Yellowstone National Park

May 28, 2009 2:48 pm

 Day Nine. Yellowstone National Park.

We awoke to a very weird sound this morning… Or lack of sound. As we emerged from our tent, we were delighted to find clear sunny skies over our head – No rain! After briefly clearing up our tent area and packing for the day, we headed out on the main Southern loop of Yellowstone. Despite the fact that we were covering some ground that we already had the day before, we felt confident that we could still find an adventure and cause some trouble.  (<- Matt’s words)

Our first stop turned out to be directly outside of our campground – Norris Basin.

Well, actually, before we reached our first stop, we discovered that Matt devours bagels by the bagful. We don’t know what the scoop is, but we are going to keep a better eye on the bagel department tomorrow morning… stay tuned for an update. As a side-side note – Peter eats his tuna without mayo and Ben hates crunchy peanut butter… who are these nuts? (no pun intended)

Anyway – Back to Norris Basin.

Norris Basin

Norris Basin

This little area was somewhat anything we had ever seen. Unlike the massive, green, healthy valleys we had been seeing before, we were confronted with the stark contrast of a land that almost seemed mars like at some points. Huge billows of steam rushed into the air from the ground… The soil was claylike and seemingly dead from a distance. Massive holes filled with boiling water dotted the area while our senses were confronted with the unmistakable smell of sulfur. It was almost like we had stepped onto a really poor special effects scene of mars or Venus.

 

Norris Basin looking back

Norris Basin looking back

 

As we walked closer and explored the area however, (both there and throughout the day as we encountered this type of scenery) we found the area just as alive as anywhere else, just very different. Each pool had a different color to it, ranging from deep blue and green to bright orange. This change in color was caused by different types of bacteria – which in turn, were effected by the temperature range of the water (anywhere from boiling to a warm 120F degrees). The water itself also caused changes in landscape – each drop carried with it a minuscule amount of mineral base, causing little plateaus of different colors around each pool. The end result was a full rainbow effect of large pools – each with its intricate set of plateaus (such as the Grand Prismatic Spring). The beauty of the water was not to be messed with however – as some of the springs were incredibly acidic (just less than battery acid).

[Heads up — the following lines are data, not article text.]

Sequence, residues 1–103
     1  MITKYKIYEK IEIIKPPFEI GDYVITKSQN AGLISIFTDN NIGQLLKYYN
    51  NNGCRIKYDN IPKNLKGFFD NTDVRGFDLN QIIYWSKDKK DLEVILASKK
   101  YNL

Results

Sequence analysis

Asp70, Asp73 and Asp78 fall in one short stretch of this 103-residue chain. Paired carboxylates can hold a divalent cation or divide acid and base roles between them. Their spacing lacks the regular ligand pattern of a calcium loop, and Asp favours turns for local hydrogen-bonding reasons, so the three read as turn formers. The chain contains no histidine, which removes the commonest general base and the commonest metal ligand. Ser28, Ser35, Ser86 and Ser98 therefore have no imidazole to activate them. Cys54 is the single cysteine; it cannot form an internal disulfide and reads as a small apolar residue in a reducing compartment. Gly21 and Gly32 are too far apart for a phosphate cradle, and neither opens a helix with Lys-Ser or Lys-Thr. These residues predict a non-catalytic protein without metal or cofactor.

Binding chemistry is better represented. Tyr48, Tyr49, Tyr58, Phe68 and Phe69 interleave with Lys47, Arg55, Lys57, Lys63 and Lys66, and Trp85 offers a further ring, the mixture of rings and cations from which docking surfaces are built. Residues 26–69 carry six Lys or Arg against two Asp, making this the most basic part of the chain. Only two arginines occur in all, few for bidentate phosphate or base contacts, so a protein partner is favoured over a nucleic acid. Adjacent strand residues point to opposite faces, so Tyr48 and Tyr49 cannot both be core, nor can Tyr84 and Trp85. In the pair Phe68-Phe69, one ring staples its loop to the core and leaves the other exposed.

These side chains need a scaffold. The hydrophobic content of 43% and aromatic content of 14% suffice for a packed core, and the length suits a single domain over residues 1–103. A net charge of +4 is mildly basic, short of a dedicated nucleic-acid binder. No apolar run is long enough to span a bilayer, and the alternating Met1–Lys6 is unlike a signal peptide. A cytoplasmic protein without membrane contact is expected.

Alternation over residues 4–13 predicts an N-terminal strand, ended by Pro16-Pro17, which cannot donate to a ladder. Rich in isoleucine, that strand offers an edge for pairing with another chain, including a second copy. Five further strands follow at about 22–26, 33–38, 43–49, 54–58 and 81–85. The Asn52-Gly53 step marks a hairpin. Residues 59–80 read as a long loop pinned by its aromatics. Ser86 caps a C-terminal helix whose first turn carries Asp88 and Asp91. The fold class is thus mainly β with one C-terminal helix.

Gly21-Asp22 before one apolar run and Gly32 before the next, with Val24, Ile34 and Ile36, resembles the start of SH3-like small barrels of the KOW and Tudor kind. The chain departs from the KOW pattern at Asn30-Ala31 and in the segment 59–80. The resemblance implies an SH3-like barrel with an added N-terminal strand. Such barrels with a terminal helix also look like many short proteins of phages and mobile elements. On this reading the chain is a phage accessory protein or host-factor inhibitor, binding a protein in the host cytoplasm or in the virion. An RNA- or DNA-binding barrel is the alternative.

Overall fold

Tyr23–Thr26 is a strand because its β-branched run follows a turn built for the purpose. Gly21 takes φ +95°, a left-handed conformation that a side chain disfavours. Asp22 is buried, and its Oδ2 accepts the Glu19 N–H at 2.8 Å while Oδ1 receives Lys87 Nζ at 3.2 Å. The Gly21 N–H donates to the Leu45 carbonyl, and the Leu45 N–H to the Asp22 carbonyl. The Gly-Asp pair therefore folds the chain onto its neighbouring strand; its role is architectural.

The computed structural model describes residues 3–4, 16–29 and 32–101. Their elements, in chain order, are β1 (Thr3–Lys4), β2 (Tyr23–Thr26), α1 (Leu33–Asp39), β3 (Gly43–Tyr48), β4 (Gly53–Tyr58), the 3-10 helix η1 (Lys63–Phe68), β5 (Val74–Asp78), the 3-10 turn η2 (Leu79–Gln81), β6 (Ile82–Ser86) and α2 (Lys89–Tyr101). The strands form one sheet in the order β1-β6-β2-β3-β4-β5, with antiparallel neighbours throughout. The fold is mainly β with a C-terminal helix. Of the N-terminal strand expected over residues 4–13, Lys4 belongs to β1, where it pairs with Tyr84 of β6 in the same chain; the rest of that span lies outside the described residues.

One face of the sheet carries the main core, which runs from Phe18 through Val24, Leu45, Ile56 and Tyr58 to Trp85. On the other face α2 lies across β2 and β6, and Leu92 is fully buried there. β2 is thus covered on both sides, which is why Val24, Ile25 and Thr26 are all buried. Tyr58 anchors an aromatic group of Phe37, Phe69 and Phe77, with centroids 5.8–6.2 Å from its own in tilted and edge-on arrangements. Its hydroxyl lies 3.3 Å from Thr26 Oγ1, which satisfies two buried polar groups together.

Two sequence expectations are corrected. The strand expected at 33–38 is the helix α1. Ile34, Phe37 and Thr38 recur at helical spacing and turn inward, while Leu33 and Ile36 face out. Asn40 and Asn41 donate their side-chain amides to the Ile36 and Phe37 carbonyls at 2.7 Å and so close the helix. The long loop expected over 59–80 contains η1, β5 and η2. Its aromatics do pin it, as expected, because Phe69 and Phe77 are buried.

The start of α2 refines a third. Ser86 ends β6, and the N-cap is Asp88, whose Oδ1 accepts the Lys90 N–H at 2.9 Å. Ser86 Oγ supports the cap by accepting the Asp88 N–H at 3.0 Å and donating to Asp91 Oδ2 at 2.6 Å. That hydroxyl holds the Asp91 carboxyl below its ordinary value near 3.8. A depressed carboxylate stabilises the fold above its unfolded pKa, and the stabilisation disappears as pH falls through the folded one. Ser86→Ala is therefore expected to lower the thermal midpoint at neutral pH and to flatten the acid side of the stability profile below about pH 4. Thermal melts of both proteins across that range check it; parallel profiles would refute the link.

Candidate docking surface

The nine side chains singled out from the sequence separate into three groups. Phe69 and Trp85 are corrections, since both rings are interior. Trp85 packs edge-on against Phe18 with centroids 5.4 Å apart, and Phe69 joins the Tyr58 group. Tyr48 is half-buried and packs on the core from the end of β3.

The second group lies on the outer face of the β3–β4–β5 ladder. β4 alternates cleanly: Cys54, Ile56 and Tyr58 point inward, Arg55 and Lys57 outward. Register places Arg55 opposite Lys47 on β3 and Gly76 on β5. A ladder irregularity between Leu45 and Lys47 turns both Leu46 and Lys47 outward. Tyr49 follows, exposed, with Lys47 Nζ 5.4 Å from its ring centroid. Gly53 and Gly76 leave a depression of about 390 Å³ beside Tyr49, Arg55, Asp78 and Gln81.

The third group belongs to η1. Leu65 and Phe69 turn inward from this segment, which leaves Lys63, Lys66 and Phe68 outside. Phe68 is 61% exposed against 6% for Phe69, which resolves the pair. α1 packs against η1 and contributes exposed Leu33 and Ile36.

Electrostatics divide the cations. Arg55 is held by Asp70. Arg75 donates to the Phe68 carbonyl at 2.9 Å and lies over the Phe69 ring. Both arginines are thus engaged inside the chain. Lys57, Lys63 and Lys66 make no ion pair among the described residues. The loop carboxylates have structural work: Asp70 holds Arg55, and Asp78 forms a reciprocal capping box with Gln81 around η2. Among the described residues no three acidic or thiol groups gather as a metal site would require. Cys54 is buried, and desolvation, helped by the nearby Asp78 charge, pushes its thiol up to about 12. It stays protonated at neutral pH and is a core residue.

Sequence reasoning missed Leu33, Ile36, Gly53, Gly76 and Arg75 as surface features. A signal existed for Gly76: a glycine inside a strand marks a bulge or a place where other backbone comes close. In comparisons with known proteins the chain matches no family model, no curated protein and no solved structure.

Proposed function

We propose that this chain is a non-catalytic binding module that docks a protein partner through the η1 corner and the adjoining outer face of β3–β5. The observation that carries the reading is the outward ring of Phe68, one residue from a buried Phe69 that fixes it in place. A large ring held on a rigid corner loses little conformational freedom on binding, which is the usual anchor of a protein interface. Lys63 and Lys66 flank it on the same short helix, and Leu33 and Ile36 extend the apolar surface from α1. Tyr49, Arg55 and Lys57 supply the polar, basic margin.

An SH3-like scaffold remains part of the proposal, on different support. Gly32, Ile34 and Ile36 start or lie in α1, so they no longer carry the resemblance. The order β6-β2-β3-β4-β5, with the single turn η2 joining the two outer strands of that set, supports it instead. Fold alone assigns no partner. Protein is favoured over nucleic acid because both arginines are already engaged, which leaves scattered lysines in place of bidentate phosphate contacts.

Grand Prismatic Spring

Grand Prismatic Spring

Colorful Bacteria

Colorful Bacteria

The geysers were also very interesting. Although there are a lot of inactive ones at Yellowstone, we were able to see a couple minor eruptions from some of the outlying areas. We were also able to see the regularly scheduled eruption of Old Faithful – one of the few geysers in the park that erupts on a semi-predicable timetable. Although it took a little bit of waiting, Old Faithful lived up to its name, shooting boiling water over eighty feet into the air. The inactive geysers were also interesting to learn about, as some of them had launched water and mud hundreds of feet into the air – only to remain silent for long periods of time – sometimes decades.

Old Faithful

Old Faithful

While we were visiting these areas, we got the distinct impression of the fluidity of Yellowstone. Geysers would move hundreds of feet over a short period of time – hills would appear and disappear – even huge eruption sites would sink into the ground or send earth shooting skyward – all based on volcanic activity from year to year. We also found out the cause of some of the tree deaths in Yellowstone. After a particularly hard quake one year, the underground activity caused an entire hill to heat up to two hundred degrees…. Cooking the tree roots from underneath!

Boiling, Churning, Water

Boiling, Churning, Water

Huge boiling death traps didn’t consume our entire day however; we still had plenty to see some of the other beautiful sites the Yellowstone had to offer. We saw hosts of wildlife… buffalo – huge animals that are said to way a ton (and we believe it after seeing them), hares… caribou…. and of course, the ever present mule deer. The wildlife in this area is incredible – and we have only seen a piece of it. As we are writing this blog, there are coyotes and wolfs sounding off in the distance (we are perfectly safe however).

Buffalo!

Buffalo!

We also saw the grand canyon of Yellowstone…. While it didn’t compare to the actual Grand Canyon in size or majesty – it was unique in its own way. A huge (+100 ft) waterfall entered a gorge that was built of yellow rock. (hence the name – Yellowstone :-)) It was a truly cool sight to see… especially considering that this place is known for its wildlife.

Grand Canyon of the Yellowstone

Grand Canyon of the Yellowstone

Finally, we finished off the day with a wonderful dinner of beef stew mixed with rice pilaf… a delicious and filling meal. Ben and Matt snuck off to gather some firewood and Matt is currently preparing to make his treasured nightly hot chocolate.

General housecleaning for the day… Ben’s car got its little reward… a fresh helping of oil. Poor car has been doing great… already halfway done. Speaking of which… our currently plan is to arrive back at home Wednesday night.

In closing, our stuff is actually dry and warm… a weird feeling for us so far on this trip.  Matt would also like to add the random tidbit that: ‘by the way, the stars are incredibly bright here.’  

Our Yellowstone Campsite

Our Yellowstone Campsite

Hope you guys are doing great! – The Lost Boys.

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